Indrajit, aka: Indrajīt, Indra-jit; 7 Definition(s)
Indrajit means something in Hinduism, Sanskrit, Jainism, Prakrit. If you want to know the exact meaning, history, etymology or English translation of this term then check out the descriptions on this page. Add your comment or reference to a book if you want to contribute to this summary article.
Katha (narrative stories)
Indrajit (इन्द्रजित्) is the name of Rāvaṇa’s son, according to the Kathāsaritsāgara, chapter 121. Accordingly, “... in course of time that son of Rāvaṇa, who was rightly named Indrajit, carried off the young deer from heaven and took it to his own city Laṅkā. And after a further period had elapsed—Rāvaṇa and Indrajit having been slain by the heroes Rāma and Lakṣmaṇa, to avenge the carrying off of Sītā...”.
The Kathāsaritsāgara (‘ocean of streams of story’), mentioning Indrajit, is a famous Sanskrit epic story revolving around prince Naravāhanadatta and his quest to become the emperor of the vidyādharas (celestial beings). The work is said to have been an adaptation of Guṇāḍhya’s Bṛhatkathā consisting of 100,000 verses, which in turn is part of a larger work containing 700,000 verses.Source: Wisdom Library: Kathāsaritsāgara
Katha (कथा, kathā) refers to narrative Sanskrit literature often inspired from epic legendry (itihasa) and poetry (mahākāvya). Some Kathas reflect socio-political instructions for the King while others remind the reader of important historical event and exploits of the Gods, Heroes and Sages.
Purana and Itihasa (epic history)
Indrajit (इन्द्रजित्).—Rāvaṇa’s son, Meghanāda. Genealogy. Descended from Viṣṇu thus:—Viṣṇu,-Brahmā—Pulastya—Viśravas—Rāvaṇa—Meghanāda (Indrajit). (See full article at Story of Indrajit from the Puranic encyclopaedia by Vettam Mani)Source: archive.org: Puranic Encyclopaedia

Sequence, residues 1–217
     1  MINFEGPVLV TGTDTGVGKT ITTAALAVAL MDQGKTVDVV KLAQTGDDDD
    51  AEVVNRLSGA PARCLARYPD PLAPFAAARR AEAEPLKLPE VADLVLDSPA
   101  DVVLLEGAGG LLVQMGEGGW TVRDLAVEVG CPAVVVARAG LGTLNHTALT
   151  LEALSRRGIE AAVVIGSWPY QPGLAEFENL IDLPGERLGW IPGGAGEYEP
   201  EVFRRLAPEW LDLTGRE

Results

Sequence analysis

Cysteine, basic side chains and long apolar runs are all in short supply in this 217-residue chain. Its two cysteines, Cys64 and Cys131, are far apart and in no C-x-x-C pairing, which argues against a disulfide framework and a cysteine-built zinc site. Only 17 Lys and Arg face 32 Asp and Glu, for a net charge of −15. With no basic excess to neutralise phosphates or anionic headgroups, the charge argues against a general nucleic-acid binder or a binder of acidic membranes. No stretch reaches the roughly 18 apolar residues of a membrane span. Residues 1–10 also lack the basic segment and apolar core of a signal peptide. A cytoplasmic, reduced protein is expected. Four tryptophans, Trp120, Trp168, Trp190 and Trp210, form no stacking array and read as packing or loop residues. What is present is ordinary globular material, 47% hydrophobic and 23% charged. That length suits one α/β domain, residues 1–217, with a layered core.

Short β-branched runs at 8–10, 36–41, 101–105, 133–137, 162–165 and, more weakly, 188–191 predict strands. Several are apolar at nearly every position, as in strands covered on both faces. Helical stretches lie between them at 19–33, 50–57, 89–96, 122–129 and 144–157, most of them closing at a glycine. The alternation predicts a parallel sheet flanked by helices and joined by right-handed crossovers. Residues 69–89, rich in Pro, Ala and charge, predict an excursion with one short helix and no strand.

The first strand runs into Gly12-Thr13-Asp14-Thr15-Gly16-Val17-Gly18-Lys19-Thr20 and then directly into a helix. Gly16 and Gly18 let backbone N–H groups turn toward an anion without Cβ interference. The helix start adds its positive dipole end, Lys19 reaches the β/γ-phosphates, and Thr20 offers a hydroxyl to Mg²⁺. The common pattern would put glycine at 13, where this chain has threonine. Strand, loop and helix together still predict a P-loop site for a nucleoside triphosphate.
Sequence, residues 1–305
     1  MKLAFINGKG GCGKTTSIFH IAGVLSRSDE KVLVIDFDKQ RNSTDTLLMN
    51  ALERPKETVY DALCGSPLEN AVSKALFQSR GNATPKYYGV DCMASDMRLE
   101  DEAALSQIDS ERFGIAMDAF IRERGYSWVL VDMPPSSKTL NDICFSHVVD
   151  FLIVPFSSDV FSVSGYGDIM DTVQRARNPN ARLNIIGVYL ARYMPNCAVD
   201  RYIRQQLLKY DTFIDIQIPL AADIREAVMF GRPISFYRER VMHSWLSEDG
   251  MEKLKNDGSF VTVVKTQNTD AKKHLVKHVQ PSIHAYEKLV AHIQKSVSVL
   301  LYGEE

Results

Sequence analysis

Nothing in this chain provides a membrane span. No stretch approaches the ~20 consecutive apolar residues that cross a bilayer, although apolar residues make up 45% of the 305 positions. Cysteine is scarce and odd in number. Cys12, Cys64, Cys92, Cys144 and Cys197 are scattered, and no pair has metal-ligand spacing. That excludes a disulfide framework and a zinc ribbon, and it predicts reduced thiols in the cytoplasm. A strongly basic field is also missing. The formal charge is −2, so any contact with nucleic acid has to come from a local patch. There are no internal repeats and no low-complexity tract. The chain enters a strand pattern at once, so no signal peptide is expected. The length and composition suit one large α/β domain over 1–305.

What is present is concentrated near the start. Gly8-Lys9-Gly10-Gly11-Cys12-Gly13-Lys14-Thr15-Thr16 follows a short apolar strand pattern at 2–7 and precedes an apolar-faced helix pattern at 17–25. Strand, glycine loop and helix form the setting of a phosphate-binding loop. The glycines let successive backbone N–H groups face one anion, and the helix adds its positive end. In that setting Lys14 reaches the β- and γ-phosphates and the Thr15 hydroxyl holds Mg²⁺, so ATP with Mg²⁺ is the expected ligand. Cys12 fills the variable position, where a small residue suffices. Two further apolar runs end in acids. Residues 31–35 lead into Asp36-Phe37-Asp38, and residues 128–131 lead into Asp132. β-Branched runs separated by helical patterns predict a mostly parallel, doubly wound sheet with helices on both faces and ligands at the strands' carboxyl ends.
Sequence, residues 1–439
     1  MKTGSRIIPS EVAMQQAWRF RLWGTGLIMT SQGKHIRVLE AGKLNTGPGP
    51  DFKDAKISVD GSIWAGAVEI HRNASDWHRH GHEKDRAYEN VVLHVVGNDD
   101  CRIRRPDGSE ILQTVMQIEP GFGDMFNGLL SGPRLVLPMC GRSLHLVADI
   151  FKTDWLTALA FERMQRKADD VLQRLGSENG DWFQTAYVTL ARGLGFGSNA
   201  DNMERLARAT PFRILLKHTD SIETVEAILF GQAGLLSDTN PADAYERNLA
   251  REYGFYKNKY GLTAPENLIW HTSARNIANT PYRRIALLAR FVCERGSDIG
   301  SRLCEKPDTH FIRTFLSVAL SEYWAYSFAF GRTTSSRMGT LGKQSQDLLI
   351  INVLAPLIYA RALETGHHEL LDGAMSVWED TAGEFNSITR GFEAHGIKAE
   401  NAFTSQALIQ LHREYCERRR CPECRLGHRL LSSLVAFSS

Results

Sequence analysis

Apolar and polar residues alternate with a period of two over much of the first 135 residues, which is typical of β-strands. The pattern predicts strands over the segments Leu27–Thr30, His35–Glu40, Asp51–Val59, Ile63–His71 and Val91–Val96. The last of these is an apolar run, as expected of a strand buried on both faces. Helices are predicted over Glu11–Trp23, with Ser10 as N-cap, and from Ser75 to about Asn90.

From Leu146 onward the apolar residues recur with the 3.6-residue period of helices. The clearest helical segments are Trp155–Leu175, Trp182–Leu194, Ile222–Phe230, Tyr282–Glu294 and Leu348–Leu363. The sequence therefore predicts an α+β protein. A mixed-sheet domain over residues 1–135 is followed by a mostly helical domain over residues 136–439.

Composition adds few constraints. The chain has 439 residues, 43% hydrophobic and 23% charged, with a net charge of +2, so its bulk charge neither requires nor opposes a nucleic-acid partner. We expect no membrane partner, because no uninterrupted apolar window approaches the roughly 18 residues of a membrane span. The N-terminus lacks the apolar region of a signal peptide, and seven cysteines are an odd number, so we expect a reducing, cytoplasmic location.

1a) Indrajit (इन्द्रजित्).—A son of Rāvaṇa, killed in the Lanka war.*
- * Bhāgavata-purāṇa IX. 10. 18; Brahmāṇḍa-purāṇa III. 6. 6.
1b) A son of Danu.*
- * Matsya-purāṇa 6. 19; Vāyu-purāṇa 68. 6.
1c) A tīrtha near Garjanam on the Narmadā.*
- * Matsya-purāṇa 190. 3.
The Purana (पुराण, purāṇas) refers to Sanskrit literature preserving ancient India’s vast cultural history, including historical legends, religious ceremonies, various arts and sciences. The eighteen mahapuranas total over 400,000 shlokas (metrical couplets) and date to at least several centuries BCE.
General definition (in Hinduism)
Indrajit was the son of Ravana, the demon-king of Lanka, and his queen Mandodhari. When he was born, he roared like the thunder in the clouds and was given the name of Megha-natha (lord-of-clouds). He performed rigorous penances and obtained many boons from Brahma. He then led the armies of Ravana against the Devas and conquered Indra, their king. From that day, he was known as Indrajit (conqueror-of-Indra).
He was slain by Laxmana, the younger brother of Rama.Source: Apam Napat: Indian Mythology
1) Indrajit, a warrior mentioned in the Indian epic Ramayana, was the son of the Lankan king Ravana. The word 'Indrajit' literally means the 'conqueror of Indra (the Hindu king of gods)'. He also known as Meghnad or Meghanad.
Indrajit played an active role in the great war between Rama and Ravana. He was said to be invincible in battle because of a Yajna he used to perform before every battle. He twice defeated Lakshmana and even Rama once, but on the third occasion Lakshmana disrupted the Yajna with the help of Vibhishana and fought with him for three days and three nights and finally killed him.
2) Indrajīt (इन्द्र जीत): Son of Ravana, King of Lanka, also known as Meghanath, who conquered Indra, the Lord of Gods and received his name 'Indra-jit' (Victor of India), and who was killed by Rama's brother Lakshmana.
etymology: Indrajit (Sanskrit: इन्द्रजित् Indrajit, Burmese: Indazita, Lao: Inthachi, Yuan: Indhajik, Tamil: Intiracittu, Thai: Inthorochit, Malay: Inderajati) or 'Meghanaad meaning Thunderous''' (Sanskrit: मेघनाद)Source: WikiPedia: Hinduism
General definition (in Jainism)
Indrajit (इन्द्रजित्) participated in the war between Rāma and Rāvaṇa, on the side of the latter, as mentioned in Svayambhūdeva’s Paumacariu (Padmacarita, Paumacariya or Rāmāyaṇapurāṇa) chapter 57ff. Svayambhū or Svayambhūdeva (8th or 9th century) was a Jain householder who probably lived in Karnataka. His work recounts the popular Rāma story as known from the older work Rāmāyaṇa (written by Vālmīki). Various chapters [mentioning Indrajit] are dedicated to the humongous battle whose armies (known as akṣauhiṇīs) consisted of millions of soldiers, horses and elephants, etc.Source: archive.org: Een Kritische Studie Van Svayambhūdeva’s Paümacariu